Source of down payment funds

If you’re lucky enough to have someone in your life willing to contribute to the down payment, you can get a loan with no money out of (your) pocket. That’s because FHA guidelines allow gift funds which can cover the entire down payment and certain borrower closing costs.

Donors may include family members, employers, charitable organizations, churches or state-run down payment assistance programs.

However, some potential donors are not allowed. Specifically, no one can bestow a down payment gift if they have an interest in the transaction. This includes parties like real estate agents, builders or the seller. In other words, if someone stands to gain from the sale, they are excluded.

Program-specific rules regarding gift funds for each “low down” mortgage program below will outlined.

HomeReady / Low Down Payment

Fannie Mae’s HomeReady program only requires a 3% down payment (said another way, loans may be made at 97% loan-to-value). This program is geared toward low to moderate-income homebuyers. There are no income limits in low-income areas and some income limits in other census tracts. In other words, income limits vary depending upon the property location.

Another thing that’s different about this very-low-down payment mortgage program is the pre-purchase education requirement. Prospective borrowers must first take an online home ownership course to be eligible for HomeReady. Fannie Mae’s partner, Framework, is the course provider. There is a small fee to take the course.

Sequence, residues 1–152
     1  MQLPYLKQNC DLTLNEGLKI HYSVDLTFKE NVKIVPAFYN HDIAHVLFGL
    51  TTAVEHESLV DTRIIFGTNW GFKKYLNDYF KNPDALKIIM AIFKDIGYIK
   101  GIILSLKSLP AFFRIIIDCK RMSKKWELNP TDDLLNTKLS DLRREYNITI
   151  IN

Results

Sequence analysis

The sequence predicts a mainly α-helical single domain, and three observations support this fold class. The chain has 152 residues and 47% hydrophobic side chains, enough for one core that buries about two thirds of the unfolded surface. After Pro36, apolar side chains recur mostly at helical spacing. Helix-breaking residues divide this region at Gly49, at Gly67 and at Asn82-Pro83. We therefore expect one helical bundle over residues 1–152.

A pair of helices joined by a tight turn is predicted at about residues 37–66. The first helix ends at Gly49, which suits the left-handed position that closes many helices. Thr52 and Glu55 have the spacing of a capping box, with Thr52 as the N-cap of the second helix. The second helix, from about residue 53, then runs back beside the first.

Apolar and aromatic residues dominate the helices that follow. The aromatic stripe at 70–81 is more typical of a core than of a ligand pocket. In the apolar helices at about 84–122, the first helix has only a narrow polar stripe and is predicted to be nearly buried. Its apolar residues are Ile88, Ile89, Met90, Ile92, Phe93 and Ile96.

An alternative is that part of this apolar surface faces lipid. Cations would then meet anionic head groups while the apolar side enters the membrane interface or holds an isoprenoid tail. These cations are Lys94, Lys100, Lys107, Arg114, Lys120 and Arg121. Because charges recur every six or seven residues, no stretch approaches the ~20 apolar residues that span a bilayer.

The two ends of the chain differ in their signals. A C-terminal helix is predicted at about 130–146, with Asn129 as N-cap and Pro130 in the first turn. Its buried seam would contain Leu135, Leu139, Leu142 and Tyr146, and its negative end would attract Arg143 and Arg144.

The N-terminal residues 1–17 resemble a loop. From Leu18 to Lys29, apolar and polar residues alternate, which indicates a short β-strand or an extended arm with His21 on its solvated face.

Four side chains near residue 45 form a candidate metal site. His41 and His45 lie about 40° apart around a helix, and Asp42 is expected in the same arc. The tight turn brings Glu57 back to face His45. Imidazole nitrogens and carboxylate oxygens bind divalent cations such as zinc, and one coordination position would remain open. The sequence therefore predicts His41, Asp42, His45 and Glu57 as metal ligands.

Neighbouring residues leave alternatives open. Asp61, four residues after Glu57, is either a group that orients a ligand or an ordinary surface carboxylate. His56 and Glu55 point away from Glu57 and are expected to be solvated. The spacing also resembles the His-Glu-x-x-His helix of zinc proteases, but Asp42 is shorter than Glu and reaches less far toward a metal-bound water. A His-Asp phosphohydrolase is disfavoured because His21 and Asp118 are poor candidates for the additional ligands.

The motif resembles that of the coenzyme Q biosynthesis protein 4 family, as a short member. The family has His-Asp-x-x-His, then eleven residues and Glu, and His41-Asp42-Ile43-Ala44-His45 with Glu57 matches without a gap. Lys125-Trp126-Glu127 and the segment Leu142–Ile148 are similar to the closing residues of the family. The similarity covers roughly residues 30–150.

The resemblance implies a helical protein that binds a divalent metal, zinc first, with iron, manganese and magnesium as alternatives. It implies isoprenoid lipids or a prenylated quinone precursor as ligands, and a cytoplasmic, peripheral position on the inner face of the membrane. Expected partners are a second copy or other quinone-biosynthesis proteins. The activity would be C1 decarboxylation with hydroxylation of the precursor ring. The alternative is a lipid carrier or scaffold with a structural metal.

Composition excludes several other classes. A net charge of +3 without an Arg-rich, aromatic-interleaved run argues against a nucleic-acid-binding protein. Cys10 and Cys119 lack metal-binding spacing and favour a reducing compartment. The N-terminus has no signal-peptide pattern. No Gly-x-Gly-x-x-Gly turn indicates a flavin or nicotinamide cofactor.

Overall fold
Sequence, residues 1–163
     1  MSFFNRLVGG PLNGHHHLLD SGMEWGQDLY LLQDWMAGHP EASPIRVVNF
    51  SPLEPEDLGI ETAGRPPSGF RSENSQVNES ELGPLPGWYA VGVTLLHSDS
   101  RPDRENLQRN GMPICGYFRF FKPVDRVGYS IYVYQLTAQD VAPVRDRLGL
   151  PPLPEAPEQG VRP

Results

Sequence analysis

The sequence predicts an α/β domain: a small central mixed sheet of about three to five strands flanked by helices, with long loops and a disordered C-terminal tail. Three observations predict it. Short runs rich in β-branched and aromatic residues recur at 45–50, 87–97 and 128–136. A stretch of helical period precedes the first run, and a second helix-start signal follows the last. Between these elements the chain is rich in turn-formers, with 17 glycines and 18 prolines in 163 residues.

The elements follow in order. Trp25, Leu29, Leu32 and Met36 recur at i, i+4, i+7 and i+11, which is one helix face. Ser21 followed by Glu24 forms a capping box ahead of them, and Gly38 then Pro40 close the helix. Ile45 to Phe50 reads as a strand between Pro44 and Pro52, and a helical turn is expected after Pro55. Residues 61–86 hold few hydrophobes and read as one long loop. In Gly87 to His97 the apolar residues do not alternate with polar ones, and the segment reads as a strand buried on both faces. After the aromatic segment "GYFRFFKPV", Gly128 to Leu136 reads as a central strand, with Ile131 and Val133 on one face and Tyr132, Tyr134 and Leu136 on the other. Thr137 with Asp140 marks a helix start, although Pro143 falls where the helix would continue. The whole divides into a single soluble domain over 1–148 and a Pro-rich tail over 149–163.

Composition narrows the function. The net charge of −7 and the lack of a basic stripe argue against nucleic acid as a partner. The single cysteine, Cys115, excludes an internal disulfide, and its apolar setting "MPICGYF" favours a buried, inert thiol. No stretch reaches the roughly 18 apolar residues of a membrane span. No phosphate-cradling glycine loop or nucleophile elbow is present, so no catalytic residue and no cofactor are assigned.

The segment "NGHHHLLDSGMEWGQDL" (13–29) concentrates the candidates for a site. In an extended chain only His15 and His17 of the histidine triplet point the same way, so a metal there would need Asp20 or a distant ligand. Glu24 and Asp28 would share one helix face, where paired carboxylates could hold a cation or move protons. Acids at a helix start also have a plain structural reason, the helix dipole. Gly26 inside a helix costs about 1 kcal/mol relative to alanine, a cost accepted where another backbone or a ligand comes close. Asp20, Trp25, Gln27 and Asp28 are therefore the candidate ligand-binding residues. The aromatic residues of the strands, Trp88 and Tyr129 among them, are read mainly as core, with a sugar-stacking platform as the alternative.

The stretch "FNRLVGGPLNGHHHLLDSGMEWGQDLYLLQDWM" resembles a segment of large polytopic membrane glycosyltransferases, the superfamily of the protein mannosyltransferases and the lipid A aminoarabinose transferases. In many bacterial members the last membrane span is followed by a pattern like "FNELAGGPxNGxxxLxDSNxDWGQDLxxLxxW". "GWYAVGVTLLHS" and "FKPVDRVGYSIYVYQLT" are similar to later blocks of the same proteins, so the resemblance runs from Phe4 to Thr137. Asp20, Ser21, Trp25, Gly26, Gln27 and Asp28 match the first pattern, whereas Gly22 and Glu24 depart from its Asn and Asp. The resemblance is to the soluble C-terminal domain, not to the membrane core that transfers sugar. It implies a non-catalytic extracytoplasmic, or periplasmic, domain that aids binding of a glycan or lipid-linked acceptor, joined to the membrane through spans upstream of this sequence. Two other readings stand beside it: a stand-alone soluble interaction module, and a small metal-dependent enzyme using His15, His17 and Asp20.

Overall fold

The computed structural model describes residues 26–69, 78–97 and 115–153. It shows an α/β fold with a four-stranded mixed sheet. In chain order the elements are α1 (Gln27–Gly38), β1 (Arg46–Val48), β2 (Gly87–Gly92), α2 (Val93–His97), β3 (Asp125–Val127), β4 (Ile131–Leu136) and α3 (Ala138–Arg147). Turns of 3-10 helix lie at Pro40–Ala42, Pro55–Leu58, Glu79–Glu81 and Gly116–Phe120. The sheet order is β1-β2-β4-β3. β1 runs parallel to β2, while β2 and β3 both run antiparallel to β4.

HomeReady property requirements

  • Single family residence (1 unit only)
  • Condos
  • Co-ops
  • Planned Unit Developments (PUDs)
  • No manufactured housing

Other unique program characteristics:

  • Borrower(s) not required to be a first time home buyer
  • Fixed rate loan only, up to 30 years

Mortgage Insurance

Fannie Mae mortgage products (and Freddie Mac’s below) fall into the “Conventional” class of loans. Conventional mortgages are not backed by government agencies like VA or FHA. Instead, private mortgage insurance (PMI) is used to protect the lenders against losses.

  • No upfront mortgage insurance premium like FHA/VA loans
  • But has ongoing monthly private mortgage insurance (PMI) which varies depending upon the loan-to-value

Source of down payment funds

  • Gifts are allowed if donors are relatives (blood or by-marriage)
  • Grants are allowed
  • Gifts may cover closing costs
  • Reserves may also be gifted

“Reserves” refers to the money in your bank account that will be ‘in reserve’ after the loan is funded.

Interesting Fact: Fannie Mae is a government sponsored entity (GSE). While the word “government” is right in the company classification, it’s actually a private company. It just happens to have historical roots as a government agency. But it’s heavily regulated by the government because of how important a role it plays in the financial health of the United States. It’s like the post office. Sort of…

Conventional 97 / Low Down Payment

The Conventional 97 mortgage program (also known as Fannie Mae Standard) is another low down payment loan. In fact, the LTV only needs to be 97%, which as you might already know, another way of saying it only requires 3% down.